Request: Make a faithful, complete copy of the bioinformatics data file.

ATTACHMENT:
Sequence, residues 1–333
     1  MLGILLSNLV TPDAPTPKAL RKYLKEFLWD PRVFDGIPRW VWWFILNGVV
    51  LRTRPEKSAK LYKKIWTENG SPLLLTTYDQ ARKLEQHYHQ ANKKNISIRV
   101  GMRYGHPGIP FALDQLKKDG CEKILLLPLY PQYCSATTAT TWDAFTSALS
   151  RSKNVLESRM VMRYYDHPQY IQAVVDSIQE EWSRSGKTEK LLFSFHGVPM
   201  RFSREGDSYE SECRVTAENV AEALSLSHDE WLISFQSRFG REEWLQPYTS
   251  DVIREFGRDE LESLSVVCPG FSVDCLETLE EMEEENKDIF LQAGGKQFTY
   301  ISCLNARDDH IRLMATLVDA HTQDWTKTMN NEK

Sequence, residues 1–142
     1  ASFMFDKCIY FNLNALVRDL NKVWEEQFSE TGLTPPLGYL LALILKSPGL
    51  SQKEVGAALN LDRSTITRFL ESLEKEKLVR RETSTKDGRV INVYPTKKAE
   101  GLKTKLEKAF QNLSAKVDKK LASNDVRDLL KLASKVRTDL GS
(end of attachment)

Sequence, residues 1–333
     1  MLGILLSNLV TPDAPTPKAL RKYLKEFLWD PRVFDGIPRW VWWFILNGVV
    51  LRTRPEKSAK LYKKIWTENG SPLLLTTYDQ ARKLEQHYHQ ANKKNISIRV
   101  GMRYGHPGIP FALDQLKKDG CEKILLLPLY PQYCSATTAT TWDAFTSALS
   151  RSKNVLESRM VMRYYDHPQY IQAVVDSIQE EWSRSGKTEK LLFSFHGVPM
   201  RFSREGDSYE SECRVTAENV AEALSLSHDE WLISFQSRFG REEWLQPYTS
   251  DVIREFGRDE LESLSVVCPG FSVDCLETLE EMEEENKDIF LQAGGKQFTY
   301  ISCLNARDDH IRLMATLVDA HTQDWTKTMN NEK

Sequence, residues 1–142
     1  ASFMFDKCIY FNLNALVRDL NKVWEEQFSE TGLTPPLGYL LALILKSPGL
    51  SQKEVGAALN LDRSTITRFL ESLEKEKLVR RETSTKDGRV INVYPTKKAE
   101  GLKTKLEKAF QNLSAKVDKK LASNDVRDLL KLASKVRTDL GS